Knut is a cuddly ball of white fur who has become a celebrity. What is remarkable about this polar bear cub, abandoned by his mother and hand-fed by a zookeeper in the Berlin Zoo, is that the world-wide attention he has earned is approaching the fame given another bear cub at another time and in another zoo.
It is said that Knut has single-handedly transformed the fortunes of the Berlin Zoo, which had been struggling until he arrived on the scene in December. Apparently, the polar bear cub is admired by 15,000 to 20,000 visitors a day.
What made Knut a celebrity was the call by a German animal rights group to put the bear to death. A spokesperson for the group reasoned this drastic step was essential because its contact with humans would not enable the cub to survive in the wild. The fact that it was born in captivity and would never have been released into the wild doesn’t seem to have entered the animal rights group’s reasoning.
When Knut was first viewed by the public, television cameras beamed his cuteness around the world and any talk of doing away with the cuddly bear was soon drowned in a sea of objections.
It’s even possible that Knut will go onto the same fame as Winnie, the bear cub that delighted children and adults at the London Zoo and inspired a series of children’s books by A.A. Milne.
So far, Haribo, the company of Gummi bear fame, has announced a raspberry-flavoured candy in Knut’s honour, and his image came be found on T-shirts, mugs and other knick-knacks. Can it be long before someone gets the idea to write children’s books about the cuddly bear? Knut’s only drawback is that polar bears are true carnivores; in the wild, polar bears are noted for hunting, killing and eating seals, while Winnie is partial to “yummy” honey.
The story of Winnie has become part of a mythology that may soon engulf Knut. On August 24, 1914, Lt. Harry Colebourn, a veterinary officer with the 34th Fort Garry Horse Regiment of Manitoba, while en route from Winnipeg to Valcartier, Quebec, noticed a man on the station platform at White River, Ontario with a black bear cub tied to a bench. The man told Colebourn that he was a trapper and had shot and killed the cub’s mother. Colebourn was able to purchase the cub from the man for $20.
In December 1914, Colebourn and the 2nd Brigade were preparing for leave for the front in France. While passing through London, Colebourn decided that the battlefront was no place for a bear and on December 14 asked the London Zoo to take care of the cub he named Winnipeg. It would be four years before Colebourn would again see his bear.
In 1919, he gave the bear to the zoo where she was visited and loved by many, including author A.A. Milne and his son Christopher.
Colebourn’s diaries indicate he had every intention of bringing her back to Canada, but changed his mind when Winnie became a major attraction at the London Zoo. Zoo staff are said to have frequently commented on her playful disposition and friendly nature — a sentiment now expressed by Knut’s keepers.
The zoo dedicated a plaque acknowledging Colebourn’s donation and numerous newspaper stories were written about Winnie and her Canadian owner.
According to Milne’s first Winnie-the-Pooh story in 1926, five-year-old Christopher Robin went to live at Cotchford Farm in Sussex, England, with a friend named Edward Bear. “Well, when Edward Bear said that he would like an exciting name all to himself, Christopher Robin said at once, without stopping to think, that he was Winnie-the-Pooh. And he was ...”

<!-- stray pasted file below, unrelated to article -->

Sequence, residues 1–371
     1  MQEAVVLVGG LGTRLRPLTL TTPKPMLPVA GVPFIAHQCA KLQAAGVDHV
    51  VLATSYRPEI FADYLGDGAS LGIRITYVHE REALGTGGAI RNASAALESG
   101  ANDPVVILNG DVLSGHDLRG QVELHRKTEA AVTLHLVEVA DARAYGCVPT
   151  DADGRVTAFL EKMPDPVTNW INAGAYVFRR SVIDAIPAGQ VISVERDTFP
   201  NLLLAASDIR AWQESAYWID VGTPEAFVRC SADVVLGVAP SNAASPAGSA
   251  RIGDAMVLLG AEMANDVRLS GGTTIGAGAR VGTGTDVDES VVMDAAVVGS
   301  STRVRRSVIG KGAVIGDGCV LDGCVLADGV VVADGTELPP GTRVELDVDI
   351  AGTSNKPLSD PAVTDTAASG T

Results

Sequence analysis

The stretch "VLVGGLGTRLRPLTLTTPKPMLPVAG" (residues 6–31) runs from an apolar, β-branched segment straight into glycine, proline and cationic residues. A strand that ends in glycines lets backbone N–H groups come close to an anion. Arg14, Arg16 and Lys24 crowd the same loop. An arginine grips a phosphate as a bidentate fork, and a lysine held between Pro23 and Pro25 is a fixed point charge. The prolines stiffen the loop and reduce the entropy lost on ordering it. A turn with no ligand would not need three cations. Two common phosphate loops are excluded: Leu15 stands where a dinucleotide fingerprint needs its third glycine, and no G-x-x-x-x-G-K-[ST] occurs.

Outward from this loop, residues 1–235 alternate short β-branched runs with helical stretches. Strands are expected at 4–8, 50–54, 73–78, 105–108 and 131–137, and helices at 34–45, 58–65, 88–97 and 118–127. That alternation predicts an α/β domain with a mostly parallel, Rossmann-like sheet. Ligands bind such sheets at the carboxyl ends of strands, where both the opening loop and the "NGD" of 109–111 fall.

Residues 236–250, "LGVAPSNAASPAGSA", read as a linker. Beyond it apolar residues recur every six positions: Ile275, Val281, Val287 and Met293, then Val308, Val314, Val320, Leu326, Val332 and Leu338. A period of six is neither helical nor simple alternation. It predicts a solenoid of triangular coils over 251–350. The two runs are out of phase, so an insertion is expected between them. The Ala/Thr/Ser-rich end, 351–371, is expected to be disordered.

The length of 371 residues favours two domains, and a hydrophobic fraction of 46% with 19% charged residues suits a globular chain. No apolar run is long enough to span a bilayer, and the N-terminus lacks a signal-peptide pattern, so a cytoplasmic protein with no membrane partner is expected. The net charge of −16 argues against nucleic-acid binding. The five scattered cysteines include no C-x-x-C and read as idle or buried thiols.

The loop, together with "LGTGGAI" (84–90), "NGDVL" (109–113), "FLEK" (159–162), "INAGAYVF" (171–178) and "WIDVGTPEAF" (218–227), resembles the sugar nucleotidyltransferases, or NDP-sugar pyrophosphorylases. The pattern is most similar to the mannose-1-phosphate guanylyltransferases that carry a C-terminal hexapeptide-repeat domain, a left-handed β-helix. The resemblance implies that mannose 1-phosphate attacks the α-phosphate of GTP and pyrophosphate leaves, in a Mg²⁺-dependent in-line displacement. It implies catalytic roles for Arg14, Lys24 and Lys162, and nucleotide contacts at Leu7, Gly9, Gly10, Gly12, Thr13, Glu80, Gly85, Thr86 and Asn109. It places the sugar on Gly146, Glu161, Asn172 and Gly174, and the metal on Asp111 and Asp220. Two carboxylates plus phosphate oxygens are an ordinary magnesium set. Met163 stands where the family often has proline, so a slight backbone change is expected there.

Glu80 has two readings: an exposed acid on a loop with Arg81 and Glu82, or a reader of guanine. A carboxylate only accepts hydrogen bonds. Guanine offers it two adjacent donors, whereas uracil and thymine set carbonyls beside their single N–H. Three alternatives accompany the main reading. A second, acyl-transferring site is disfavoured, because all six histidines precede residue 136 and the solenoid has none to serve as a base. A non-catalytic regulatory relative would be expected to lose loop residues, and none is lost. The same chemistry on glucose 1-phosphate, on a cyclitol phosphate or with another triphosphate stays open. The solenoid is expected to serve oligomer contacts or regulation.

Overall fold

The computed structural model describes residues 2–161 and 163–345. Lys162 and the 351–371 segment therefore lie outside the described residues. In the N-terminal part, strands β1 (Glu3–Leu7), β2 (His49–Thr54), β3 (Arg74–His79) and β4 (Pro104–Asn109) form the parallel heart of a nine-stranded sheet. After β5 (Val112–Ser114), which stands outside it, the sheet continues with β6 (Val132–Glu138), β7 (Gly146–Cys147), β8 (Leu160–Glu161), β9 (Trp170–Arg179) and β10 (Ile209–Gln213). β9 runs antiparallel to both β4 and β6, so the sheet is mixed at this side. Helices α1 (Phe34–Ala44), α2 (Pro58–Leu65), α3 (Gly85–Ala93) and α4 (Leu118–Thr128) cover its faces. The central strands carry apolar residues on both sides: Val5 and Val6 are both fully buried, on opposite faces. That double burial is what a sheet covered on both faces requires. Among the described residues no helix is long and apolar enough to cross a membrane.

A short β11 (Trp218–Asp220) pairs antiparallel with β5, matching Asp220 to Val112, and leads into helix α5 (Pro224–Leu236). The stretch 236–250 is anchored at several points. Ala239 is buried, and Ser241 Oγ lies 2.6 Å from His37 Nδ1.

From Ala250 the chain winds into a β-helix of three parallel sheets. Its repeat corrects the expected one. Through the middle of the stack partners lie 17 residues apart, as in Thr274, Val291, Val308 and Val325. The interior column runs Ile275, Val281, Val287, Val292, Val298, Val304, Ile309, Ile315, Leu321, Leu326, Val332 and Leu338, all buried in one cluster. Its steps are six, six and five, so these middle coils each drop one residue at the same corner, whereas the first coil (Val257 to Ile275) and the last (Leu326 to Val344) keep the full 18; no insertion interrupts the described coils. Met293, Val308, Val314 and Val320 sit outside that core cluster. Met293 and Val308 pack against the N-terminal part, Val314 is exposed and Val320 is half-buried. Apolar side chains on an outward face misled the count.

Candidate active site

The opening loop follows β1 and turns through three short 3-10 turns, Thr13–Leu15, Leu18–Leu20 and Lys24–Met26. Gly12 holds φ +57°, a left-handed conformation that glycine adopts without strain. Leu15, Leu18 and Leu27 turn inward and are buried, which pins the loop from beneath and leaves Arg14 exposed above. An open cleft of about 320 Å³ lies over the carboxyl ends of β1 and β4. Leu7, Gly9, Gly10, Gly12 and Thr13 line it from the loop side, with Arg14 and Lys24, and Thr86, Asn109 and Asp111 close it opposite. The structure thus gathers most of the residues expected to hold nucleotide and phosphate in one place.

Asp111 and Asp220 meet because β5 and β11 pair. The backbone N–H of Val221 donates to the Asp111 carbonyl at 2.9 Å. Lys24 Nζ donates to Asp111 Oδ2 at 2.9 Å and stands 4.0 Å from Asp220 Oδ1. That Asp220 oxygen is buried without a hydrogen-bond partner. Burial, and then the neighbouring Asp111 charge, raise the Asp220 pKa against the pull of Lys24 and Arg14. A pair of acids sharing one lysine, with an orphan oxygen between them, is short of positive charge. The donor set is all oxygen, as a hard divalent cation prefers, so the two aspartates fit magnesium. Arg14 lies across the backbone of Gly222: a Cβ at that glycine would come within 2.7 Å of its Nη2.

In one famous photograph from the London Zoo, Christopher Milne is seen feeding the bear a spoonful of condensed milk, said to be the bear’s favourite treat. But for the purposes of his stories, Milne decided that honey was a better snack and Winnie-the-Pooh couldn’t agree more: “Isn’t it funny/How a bear likes honey/Buzz! Buzz! Buzz!/I wonder why he does.”
Winnie died at the London Zoo on May 12, 1934.
In 1992, Fred Colebourn and the great-grandchildren of Lt. Harry Colebourn unveiled the Winnie-the-Bear sculpture by artist William Epp located on the grounds of the Assiniboine Park Zoo.
The statue commemorates the connection between Colebourn’s bear named after his hometown of Winnipeg and Milne’s famous storybook character.
In 1999, a bronze statue of Colebourn and Winnie by Epp was unveiled at the London Zoo by men from the 34th Fort Garry Horse.
To further Winnipeg’s connection, a painting by Ernest Shepard, the illustrator of the Milne books, of Pooh dipping his paw into a honey jar is also found in the Assiniboine Park Pavilion art gallery.
Not surprisingly, Pooh is acknowledged by the Disney people (they now own rights to the character) as being one of their most-loved and well-known characters, second only to Mickey Mouse — not bad for a bear originally named after a prairie city.
No one can possibly know whether or not Winnie was really happy in the London Zoo. Nor can anyone truly say with confidence that Knut is actually happy living his entire life behind steel bars. What looks like happiness on TV is undoubtedly just the youthful exuberance common to all species of mammals.
The fact is that animals can never be transformed into creatures sharing human emotions. We cannot possibly know what animals are thinking, despite the claims of the most loving pet owner. What we can do is keep them as comfortable, well-cared for and well-fed as possible when we remove them from their natural environment; whether to a zoo or into someone’s home.
Perhaps Knut will warm the hearts of countless children and become just as famous as Winnie-the-Pooh. It’s possible that some good might come of the unfortunate circumstances now facing one cute and cuddly bear. For example, he could become the “poster child” for global warming, thus helping his polar bear kin now patrolling the dwindling ice pack along Arctic coasts.